Here’s some interesting data and a good point made: mobile payments are most popular in situations where the buyer already has his or her phone in hand and the transaction is made even quicker than swiping plastic. For example, purchases made for London Transit rides are responsible for a good portion of the U.K.’s mobile payments.

Mass technology adoption is no longer driven simply by the release of a new product. There are too many products released constantly now, the market is too diverse, and the products often lack a true raison d’être.

Learn more about how creative and innovative companies are finding their customers. Read Compelling Shopping Moments: 4 Creative Ways Stores Connect With Their Customers.


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Create A Culture That Doesn’t Fear Failure

JP George

A fear of failure could be holding back your business.

If the people on your team are worrying about being ridiculed or blamed for independent creativity or the downfall of an entire project, they are likely to hold back their ideas and stick to completing projects in the same way over and over again. In comparison, people who work in an office culture with no fear of failure feel free to bounce ideas around, which helps generate new practices, keep up with the times, push projects along, and can “wow” customers with innovation.

Changing the way your office works won’t happen overnight, but these five tips could begin to implement positive changes to help steer your team toward a working environment that is good for the staff and good for the business.

1. Recognize and reward

Employee recognition is the key to not fearing failure. When an employee or team member goes above and beyond; make sure they know that their hard work is appreciated and that an efficient system for providing employee recognition awards is in place. Even small things like suggesting a new way to carry out a particular process should be celebrated. If an employee, colleague, or team member has a suggestion that isn’t quite on-point, find the positive; for example, you might say, “You’re on the right lines, your idea will help speed the process up, but…” Always make sure to offer positive feedback first, then mention the thing that needs changing, and end with encouragement: “Once that’s ironed out, we can implement this — great work!”

2. Adopt a team mentality

Seems straightforward and fairly obvious for a first step, but so many companies do not know how to really generate a feeling of teamwork and inclusivity, and instead put up a front of “togetherness” while retaining the bad practices that divide a workforce. Start by calling a team meeting and setting some ground rules together. Yes, it’s a basic ice-breaking activity in almost all training sessions, but it also helps each person to display respect and hear the opinions of other members of the group. Suggest from the start that the team use “we” rather than individual pronouns when discussing projects, as it helps to dispel blame culture and reminds each person that they are all responsible for any successes and downfalls of the team.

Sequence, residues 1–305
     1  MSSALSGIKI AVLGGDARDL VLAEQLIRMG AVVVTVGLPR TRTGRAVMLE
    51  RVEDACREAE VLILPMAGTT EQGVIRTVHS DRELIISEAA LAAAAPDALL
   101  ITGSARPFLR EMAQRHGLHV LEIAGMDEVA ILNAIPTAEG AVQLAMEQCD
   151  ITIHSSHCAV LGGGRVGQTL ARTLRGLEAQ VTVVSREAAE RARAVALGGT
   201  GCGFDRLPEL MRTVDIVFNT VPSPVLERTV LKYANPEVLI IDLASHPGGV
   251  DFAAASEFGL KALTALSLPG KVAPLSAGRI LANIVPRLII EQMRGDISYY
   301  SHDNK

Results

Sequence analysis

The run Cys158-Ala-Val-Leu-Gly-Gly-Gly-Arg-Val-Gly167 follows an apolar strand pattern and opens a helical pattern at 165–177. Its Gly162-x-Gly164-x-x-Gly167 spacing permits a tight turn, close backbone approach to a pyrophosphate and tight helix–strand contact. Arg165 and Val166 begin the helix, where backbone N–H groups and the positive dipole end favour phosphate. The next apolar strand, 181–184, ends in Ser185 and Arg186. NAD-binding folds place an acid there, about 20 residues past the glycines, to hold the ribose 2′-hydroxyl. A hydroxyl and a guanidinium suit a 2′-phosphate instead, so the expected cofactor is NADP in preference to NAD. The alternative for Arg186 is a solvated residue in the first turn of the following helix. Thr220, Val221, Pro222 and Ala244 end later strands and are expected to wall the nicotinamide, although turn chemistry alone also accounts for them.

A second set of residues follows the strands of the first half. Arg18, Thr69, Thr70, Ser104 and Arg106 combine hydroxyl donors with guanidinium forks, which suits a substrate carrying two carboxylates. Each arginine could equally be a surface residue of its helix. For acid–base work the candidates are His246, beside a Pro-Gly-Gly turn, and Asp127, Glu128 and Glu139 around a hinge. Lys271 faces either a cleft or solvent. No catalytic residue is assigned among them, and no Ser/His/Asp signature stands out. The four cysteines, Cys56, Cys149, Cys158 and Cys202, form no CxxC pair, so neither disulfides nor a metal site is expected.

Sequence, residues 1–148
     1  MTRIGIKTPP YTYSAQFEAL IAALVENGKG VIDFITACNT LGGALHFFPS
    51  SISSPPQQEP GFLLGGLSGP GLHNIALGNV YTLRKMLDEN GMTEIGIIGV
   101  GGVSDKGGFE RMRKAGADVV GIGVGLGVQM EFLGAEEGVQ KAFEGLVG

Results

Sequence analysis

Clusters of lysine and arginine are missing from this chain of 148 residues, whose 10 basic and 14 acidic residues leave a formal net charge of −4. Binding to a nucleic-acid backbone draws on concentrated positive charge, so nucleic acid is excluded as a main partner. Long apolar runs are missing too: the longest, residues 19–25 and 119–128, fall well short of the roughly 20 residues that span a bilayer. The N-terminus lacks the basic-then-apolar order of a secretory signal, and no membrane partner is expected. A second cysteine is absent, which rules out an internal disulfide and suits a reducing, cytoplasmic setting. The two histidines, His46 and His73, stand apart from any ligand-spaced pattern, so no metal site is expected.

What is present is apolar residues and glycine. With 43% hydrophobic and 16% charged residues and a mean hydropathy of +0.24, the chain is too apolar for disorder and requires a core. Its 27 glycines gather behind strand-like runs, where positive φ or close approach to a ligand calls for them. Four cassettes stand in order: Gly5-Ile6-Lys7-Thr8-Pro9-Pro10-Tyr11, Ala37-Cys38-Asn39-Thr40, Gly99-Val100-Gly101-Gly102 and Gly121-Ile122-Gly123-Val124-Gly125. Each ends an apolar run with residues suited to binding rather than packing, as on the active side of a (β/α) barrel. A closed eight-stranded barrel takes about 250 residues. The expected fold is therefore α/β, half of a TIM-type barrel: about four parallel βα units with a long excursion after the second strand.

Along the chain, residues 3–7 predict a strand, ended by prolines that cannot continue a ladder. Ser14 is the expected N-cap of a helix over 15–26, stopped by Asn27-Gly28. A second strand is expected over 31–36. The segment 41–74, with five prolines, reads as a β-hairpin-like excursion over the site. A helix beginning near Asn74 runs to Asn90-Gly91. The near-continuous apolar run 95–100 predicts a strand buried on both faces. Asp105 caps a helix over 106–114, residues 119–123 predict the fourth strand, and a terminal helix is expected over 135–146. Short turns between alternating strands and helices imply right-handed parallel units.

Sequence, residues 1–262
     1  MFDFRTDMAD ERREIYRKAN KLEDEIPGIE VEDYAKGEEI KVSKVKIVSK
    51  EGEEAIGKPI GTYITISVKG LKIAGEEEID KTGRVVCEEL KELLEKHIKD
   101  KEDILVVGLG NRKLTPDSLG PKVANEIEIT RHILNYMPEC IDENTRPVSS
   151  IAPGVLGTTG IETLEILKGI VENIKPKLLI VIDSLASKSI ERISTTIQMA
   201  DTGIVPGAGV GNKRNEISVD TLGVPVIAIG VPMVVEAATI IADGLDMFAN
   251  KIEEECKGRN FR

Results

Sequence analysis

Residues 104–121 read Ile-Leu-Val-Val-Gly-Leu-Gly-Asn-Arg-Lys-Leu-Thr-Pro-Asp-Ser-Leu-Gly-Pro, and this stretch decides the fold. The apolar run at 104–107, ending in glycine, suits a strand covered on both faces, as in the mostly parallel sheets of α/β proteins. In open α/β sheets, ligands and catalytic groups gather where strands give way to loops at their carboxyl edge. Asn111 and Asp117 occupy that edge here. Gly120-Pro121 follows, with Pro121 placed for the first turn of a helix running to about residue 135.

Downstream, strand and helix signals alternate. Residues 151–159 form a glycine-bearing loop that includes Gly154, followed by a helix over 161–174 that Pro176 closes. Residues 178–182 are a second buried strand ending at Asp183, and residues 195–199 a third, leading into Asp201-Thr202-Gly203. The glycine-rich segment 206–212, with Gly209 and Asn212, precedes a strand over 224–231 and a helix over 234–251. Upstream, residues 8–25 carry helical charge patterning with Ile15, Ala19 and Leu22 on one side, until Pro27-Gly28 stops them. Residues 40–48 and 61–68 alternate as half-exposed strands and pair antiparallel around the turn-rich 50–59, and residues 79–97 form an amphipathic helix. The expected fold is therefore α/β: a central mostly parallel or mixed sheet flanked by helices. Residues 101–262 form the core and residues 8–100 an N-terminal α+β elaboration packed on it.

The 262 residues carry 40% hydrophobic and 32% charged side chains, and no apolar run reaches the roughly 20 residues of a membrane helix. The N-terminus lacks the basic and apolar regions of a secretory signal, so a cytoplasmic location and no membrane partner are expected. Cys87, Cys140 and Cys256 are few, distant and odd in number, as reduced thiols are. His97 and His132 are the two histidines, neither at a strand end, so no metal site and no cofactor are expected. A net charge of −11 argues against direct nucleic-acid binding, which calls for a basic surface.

3. Say “yes” more

When staff members and colleagues approach you with ideas and innovation, are you more likely to think “straying from the status quo is dangerous,” or are you willing to hear the person out and let their creative juices flow? Even if the first suggestion they offer is horrible, try not to say “no” outright or make the person feel bad for sharing. Try to find a way in which their idea can be incorporated, even if it has to be altered to fit the project. Saying “yes” to the inspiration and thoughts generated by staff and colleagues means that they will be likely to offer more ideas in the future, and without that openness, you might miss the next great innovation in your industry.

4. Blame less

Similarly, try to incorporate policies that encourage employee recognition rather than shame for sharing concepts. If failure does occur, do not publicly belittle the person deemed responsible, even in jest. This creates tension within the office or team and can make the person receiving the blame less likely to contribute in the future, and may even affect their personal well-being. Instead of blaming and shaming, discuss what went wrong as a group, and try to enforce the group mentality of “we could have done…” rather than “I/they/she/he did…”

5. Look for the positives

If, for any reason, your team does experience failure—and you should, otherwise you’re just not aiming high enough—try to see the positives, and discuss the issue as a group — not in cliques of us vs. them, but together discuss what the group could have done better. If a majority insist on blaming one or two people, move onto analyzing how communication channels could be opened up and ask members how inclusivity could be improved. After all, if only a few people are responsible for a project failing, the responsibility was obviously not being shared in an equal manner while the project was underway. There are positives to every situation, even if it is just the ability to improve your team dynamic.

The changes won’t happen immediately, but once the systems are in place and your staff, colleagues, and team members start to understand the goals within both the office and working environment as a whole, your employees’ creativity should start flowing and you will start hearing new suggestions regularly. Even if some don’t work well, remember to recognize employees and enjoy the rewards of your newly open and trusting workforce.

Want more employee engagement tips? See Boost Productivity With These 4 Brain Breaks.


About JP George

JP George grew up in a small town in Washington. After receiving a Master's degree in Public Relations, JP has worked in a variety of positions, from agencies to corporations all across the globe. Experience has made JP an expert in topics relating to leadership, talent management, and organizational business.